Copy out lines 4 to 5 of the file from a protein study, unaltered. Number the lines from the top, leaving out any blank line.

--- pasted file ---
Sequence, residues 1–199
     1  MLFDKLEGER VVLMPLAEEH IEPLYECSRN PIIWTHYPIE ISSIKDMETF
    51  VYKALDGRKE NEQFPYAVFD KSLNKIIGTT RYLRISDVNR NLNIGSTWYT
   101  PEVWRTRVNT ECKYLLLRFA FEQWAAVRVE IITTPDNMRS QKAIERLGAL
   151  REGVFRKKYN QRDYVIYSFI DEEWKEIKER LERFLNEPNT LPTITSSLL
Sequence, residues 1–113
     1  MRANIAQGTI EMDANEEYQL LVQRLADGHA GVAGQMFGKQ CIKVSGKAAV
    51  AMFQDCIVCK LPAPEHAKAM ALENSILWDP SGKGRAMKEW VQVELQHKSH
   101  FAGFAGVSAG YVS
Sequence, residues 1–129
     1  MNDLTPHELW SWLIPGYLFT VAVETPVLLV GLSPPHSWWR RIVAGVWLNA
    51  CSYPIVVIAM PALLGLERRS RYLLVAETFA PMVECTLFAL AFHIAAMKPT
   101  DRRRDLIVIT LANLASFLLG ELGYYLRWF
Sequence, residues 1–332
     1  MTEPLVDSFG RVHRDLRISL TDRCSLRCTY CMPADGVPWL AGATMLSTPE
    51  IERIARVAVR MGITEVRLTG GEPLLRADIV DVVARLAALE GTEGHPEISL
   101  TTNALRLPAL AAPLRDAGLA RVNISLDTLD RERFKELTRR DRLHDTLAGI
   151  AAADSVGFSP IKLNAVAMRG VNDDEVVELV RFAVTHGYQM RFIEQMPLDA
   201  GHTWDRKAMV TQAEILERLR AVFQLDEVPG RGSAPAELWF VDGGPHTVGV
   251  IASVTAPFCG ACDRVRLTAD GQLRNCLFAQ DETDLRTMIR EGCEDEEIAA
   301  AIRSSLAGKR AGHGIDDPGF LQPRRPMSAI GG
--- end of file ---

   101  PEVWRTRVNT ECKYLLLRFA FEQWAAVRVE IITTPDNMRS QKAIERLGAL
   151  REGVFRKKYN QRDYVIYSFI DEEWKEIKER LERFLNEPNT LPTITSSLL